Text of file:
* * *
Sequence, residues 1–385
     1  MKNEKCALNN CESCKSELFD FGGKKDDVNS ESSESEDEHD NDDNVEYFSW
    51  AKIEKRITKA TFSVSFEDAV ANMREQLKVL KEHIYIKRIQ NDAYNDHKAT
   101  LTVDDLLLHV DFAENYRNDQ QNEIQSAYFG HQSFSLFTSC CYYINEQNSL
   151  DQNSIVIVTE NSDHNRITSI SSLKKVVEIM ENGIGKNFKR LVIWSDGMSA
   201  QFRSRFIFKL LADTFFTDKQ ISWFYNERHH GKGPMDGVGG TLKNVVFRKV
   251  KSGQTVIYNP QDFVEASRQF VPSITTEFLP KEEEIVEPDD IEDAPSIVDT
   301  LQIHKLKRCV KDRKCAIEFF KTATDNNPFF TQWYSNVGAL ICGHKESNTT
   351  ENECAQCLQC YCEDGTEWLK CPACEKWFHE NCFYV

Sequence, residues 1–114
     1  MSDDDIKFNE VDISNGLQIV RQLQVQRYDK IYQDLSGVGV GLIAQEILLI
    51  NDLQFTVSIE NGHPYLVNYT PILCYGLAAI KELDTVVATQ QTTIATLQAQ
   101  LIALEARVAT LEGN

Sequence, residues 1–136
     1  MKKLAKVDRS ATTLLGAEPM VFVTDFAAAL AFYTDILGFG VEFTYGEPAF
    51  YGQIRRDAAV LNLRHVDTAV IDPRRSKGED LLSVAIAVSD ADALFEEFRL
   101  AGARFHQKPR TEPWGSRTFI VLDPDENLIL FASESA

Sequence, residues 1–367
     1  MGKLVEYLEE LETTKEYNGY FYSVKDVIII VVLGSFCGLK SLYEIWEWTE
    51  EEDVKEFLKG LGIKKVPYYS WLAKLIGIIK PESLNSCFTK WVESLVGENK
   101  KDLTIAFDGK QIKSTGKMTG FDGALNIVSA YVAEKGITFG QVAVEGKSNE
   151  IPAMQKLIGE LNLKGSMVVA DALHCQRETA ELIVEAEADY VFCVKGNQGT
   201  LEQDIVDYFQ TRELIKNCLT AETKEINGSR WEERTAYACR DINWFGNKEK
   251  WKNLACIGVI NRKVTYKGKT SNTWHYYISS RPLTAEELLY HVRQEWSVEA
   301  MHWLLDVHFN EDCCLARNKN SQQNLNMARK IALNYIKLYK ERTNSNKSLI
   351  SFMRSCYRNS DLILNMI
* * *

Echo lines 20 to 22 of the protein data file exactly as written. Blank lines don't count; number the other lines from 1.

    51  EEDVKEFLKG LGIKKVPYYS WLAKLIGIIK PESLNSCFTK WVESLVGENK
   101  KDLTIAFDGK QIKSTGKMTG FDGALNIVSA YVAEKGITFG QVAVEGKSNE
   151  IPAMQKLIGE LNLKGSMVVA DALHCQRETA ELIVEAEADY VFCVKGNQGT